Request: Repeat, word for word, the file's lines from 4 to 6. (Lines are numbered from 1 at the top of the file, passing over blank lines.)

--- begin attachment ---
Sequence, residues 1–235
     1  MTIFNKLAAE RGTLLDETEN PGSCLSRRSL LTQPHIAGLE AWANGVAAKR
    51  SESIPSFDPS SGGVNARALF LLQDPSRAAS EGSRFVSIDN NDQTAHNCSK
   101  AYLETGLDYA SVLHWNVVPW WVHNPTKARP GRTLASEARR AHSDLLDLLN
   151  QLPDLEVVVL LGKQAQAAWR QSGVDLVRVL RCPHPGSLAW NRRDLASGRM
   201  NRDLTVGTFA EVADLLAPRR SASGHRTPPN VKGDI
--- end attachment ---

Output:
   101  AYLETGLDYA SVLHWNVVPW WVHNPTKARP GRTLASEARR AHSDLLDLLN
   151  QLPDLEVVVL LGKQAQAAWR QSGVDLVRVL RCPHPGSLAW NRRDLASGRM
   201  NRDLTVGTFA EVADLLAPRR SASGHRTPPN VKGDI